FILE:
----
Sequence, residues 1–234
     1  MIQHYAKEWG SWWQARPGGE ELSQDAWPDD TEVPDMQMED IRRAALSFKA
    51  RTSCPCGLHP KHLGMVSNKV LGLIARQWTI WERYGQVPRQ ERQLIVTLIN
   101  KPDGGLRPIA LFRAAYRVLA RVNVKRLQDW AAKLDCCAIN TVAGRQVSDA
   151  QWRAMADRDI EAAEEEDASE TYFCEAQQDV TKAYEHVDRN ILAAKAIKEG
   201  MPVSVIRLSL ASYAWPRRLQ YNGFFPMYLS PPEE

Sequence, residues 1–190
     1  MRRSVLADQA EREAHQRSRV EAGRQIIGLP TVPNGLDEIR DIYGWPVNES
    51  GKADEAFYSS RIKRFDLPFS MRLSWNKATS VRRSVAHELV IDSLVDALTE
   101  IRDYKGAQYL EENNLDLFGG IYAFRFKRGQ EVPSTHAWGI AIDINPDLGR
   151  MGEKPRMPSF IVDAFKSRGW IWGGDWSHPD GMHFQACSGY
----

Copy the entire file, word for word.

Sequence, residues 1–234
     1  MIQHYAKEWG SWWQARPGGE ELSQDAWPDD TEVPDMQMED IRRAALSFKA
    51  RTSCPCGLHP KHLGMVSNKV LGLIARQWTI WERYGQVPRQ ERQLIVTLIN
   101  KPDGGLRPIA LFRAAYRVLA RVNVKRLQDW AAKLDCCAIN TVAGRQVSDA
   151  QWRAMADRDI EAAEEEDASE TYFCEAQQDV TKAYEHVDRN ILAAKAIKEG
   201  MPVSVIRLSL ASYAWPRRLQ YNGFFPMYLS PPEE

Sequence, residues 1–190
     1  MRRSVLADQA EREAHQRSRV EAGRQIIGLP TVPNGLDEIR DIYGWPVNES
    51  GKADEAFYSS RIKRFDLPFS MRLSWNKATS VRRSVAHELV IDSLVDALTE
   101  IRDYKGAQYL EENNLDLFGG IYAFRFKRGQ EVPSTHAWGI AIDINPDLGR
   151  MGEKPRMPSF IVDAFKSRGW IWGGDWSHPD GMHFQACSGY